The fears that video will crush cell phone networks as people casually scan YouTube clips on the street or stream Netflix movies from their iPads is forcing mobile operators, entertainment companies and electronics companies to rethink their networks. But the entertainment industry, San Disk and mobile operators are also dreaming up a new standard that provides top-ranked content on the handset even before the user requests it.
Right now most people turn to Wi-Fi because it’s cheaper and faster than cellular networks, although those surfing on Verizon’s LTE network may no longer worry about speeds. However, there’s still a cost. Chugging gigabytes through an HD movie stream on a cell phone network will eat through your wallet. Under current Verizon plans, five hours of HD streaming would eat up the entire $50 5GB plan, leaving users to pay $10 more for every gigabyte over. So in general, for long-form content, Wi-Fi is where it’s at. However, even short-form content — such as hot YouTube videos — takes its toll on the network.
That’s one reason SanDisk has teamed up with Softbank, Sony and Orange to create a standard to deliver content to handsets via Wi-Fi. The standard, known as HQME –or high-quality mobile entertainment — is being debated in the IEEE. Noam Kedem, a VP of marketing at SanDisk helping lead the HQME charge, explains that an executive at an international operator told him that if someone could deliver the top 100 YouTube videos via Wi-Fi, that would cut down on 80 percent of the problems on his network.
I wrote about the HQME standard a few weeks back and explained it would automatically detect when a mobile device hits a Wi-Fi network (and is plugged in), then begin downloading content such as movies or e-books for consumption later, while seemingly keeping digital rights management and subscription information intact. I had some issues with this, namely that most people consume short-form and unplanned content via their mobile networks, so having some type of pre-determined download wouldn’t help all that much. But I didn’t have the full story.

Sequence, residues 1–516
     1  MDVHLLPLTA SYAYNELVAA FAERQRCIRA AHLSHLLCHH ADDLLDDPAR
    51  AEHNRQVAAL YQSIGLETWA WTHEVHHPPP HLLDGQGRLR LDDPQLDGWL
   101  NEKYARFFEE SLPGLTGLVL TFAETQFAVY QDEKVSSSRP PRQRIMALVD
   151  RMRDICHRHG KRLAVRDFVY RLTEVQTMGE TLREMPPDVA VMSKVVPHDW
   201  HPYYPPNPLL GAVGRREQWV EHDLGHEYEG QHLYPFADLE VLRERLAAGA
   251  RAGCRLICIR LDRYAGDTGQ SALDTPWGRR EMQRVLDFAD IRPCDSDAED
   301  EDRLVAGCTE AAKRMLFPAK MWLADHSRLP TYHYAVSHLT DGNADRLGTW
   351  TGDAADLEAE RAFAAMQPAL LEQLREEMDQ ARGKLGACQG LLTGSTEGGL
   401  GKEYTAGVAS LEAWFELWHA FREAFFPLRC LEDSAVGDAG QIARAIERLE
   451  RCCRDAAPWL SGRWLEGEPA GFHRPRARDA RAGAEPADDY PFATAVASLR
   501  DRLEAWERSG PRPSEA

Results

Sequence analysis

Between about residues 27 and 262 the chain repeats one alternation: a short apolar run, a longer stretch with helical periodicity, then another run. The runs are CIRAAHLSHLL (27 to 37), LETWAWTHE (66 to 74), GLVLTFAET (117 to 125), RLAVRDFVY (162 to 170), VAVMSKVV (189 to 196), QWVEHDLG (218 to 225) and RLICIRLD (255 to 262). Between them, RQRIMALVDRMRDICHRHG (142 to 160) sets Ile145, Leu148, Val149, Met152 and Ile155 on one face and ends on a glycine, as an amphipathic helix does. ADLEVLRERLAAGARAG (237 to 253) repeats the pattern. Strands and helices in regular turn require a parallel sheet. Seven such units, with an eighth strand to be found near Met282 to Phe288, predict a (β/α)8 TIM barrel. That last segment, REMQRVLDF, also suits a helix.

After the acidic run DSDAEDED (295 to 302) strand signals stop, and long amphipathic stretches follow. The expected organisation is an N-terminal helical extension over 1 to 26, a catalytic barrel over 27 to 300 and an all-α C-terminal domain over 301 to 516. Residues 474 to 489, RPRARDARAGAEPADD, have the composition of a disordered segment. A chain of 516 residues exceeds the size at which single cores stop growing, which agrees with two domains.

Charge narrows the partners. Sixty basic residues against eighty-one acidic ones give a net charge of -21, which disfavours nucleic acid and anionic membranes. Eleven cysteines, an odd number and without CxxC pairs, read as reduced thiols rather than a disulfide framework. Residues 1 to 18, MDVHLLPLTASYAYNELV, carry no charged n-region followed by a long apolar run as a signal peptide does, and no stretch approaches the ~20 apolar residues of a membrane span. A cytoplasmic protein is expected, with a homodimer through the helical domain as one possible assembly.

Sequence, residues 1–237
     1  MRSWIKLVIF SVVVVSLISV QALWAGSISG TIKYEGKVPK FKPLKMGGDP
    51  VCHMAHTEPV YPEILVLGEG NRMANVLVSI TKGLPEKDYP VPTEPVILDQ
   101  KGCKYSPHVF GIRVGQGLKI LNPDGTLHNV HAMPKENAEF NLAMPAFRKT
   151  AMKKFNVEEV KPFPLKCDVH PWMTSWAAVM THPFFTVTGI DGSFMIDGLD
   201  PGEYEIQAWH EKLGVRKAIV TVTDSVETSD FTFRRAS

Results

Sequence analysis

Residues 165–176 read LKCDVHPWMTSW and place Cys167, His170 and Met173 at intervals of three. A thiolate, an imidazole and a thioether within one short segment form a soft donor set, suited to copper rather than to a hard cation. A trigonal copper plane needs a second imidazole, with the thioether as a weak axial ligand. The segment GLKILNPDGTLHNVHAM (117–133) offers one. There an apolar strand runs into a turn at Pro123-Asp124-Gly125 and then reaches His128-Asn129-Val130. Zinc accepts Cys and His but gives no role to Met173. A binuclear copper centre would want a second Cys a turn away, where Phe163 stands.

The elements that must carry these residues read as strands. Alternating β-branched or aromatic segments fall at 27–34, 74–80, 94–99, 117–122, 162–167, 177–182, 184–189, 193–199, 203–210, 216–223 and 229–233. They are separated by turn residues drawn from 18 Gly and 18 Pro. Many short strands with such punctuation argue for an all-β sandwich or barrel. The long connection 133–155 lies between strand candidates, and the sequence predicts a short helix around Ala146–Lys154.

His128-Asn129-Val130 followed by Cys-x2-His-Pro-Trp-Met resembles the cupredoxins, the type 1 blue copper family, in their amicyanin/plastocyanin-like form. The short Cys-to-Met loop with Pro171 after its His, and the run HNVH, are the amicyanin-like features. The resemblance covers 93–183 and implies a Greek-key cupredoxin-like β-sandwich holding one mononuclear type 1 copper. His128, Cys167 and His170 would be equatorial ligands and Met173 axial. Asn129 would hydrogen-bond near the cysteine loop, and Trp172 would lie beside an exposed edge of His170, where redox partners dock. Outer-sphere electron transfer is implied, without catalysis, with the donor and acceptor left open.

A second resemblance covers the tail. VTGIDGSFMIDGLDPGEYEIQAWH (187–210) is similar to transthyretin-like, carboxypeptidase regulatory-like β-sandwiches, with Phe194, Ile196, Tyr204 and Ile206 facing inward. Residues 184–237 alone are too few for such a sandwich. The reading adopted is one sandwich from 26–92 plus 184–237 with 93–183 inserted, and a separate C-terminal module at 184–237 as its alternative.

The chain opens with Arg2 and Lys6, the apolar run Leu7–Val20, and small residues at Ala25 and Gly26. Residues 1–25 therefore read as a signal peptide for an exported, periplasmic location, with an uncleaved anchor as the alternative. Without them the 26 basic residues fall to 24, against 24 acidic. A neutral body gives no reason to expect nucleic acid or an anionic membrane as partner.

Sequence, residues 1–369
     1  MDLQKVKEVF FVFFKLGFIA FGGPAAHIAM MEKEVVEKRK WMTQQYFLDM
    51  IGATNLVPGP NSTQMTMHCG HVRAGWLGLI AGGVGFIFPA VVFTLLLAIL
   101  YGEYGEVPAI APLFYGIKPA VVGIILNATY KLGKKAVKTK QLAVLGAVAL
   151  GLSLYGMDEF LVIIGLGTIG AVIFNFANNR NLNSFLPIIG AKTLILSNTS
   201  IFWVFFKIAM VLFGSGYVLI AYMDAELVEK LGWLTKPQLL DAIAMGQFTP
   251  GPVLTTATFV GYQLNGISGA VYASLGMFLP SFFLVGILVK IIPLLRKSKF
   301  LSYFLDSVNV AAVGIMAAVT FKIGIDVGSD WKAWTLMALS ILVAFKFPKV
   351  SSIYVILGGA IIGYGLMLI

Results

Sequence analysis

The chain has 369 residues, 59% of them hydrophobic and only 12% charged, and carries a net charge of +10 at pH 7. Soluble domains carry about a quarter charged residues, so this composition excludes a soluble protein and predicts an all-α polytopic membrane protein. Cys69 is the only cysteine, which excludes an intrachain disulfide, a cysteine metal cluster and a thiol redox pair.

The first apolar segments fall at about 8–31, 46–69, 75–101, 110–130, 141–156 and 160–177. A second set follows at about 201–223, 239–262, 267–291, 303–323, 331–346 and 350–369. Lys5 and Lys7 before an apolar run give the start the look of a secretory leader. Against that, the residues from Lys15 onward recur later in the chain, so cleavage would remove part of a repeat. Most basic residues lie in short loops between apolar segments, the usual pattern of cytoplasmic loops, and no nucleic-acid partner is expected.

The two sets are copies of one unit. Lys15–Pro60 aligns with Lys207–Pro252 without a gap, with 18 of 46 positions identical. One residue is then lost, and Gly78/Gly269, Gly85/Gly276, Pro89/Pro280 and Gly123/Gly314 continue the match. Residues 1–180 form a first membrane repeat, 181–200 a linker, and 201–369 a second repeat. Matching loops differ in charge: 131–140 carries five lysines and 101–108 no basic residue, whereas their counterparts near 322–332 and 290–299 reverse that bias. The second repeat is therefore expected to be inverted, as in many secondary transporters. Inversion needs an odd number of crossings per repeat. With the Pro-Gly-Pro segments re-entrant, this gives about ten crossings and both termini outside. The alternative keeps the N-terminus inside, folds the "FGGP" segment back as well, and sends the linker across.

Kedem explained that the technology ideally would be able to work from a Netflix (s nflx) queue to download content a user is likely to want. For example, if I’m watching the second episode of Downton Abbey before I go to bed that night, it might preload episode 3 over my Wi-Fi connection so I can take it on the go with me the next morning. This assumes the content owner is willing to let me store content that was licensed for streaming — a big if. In another example, Kedem explains that an operator could cache the Top 100 YouTube videos on a handset or tablet when the user encounters a Wi-Fi network using the HQME standard. Then if someone sent the handset’s owner a viral video, it’s likely the video would already be cached on the handset. Again, this is an example, and would require help from YouTube and may likely hack off content owners whose copyrighted product tends to show up on popular YouTube videos.
This intelligent and predictive caching model also depends on phones and tablets having the room to store a few gigabytes of video content — something that isn’t exactly feasible on most of today’s handsets. Kedem says the onboard storage might change (he stresses it won’t use the phone or tablet’s SD card which could perhaps contain SanDisk memory), or that users could set limits on how much of their storage would be dedicated to caching. But is that something most users would want or even know how to do in the “post-PC” era?
While the hurdles to adoption on the consumer side and on the content side seem large, the threatened deluge of mobile video content is frightening enough that the industry is trying to find new ways of building out their networks, selling new data plans and even pushing forward with open standards in an effort to keep their networks afloat. Even if the HQME standard doesn’t come through, predictive content caching is an idea worth looking at.
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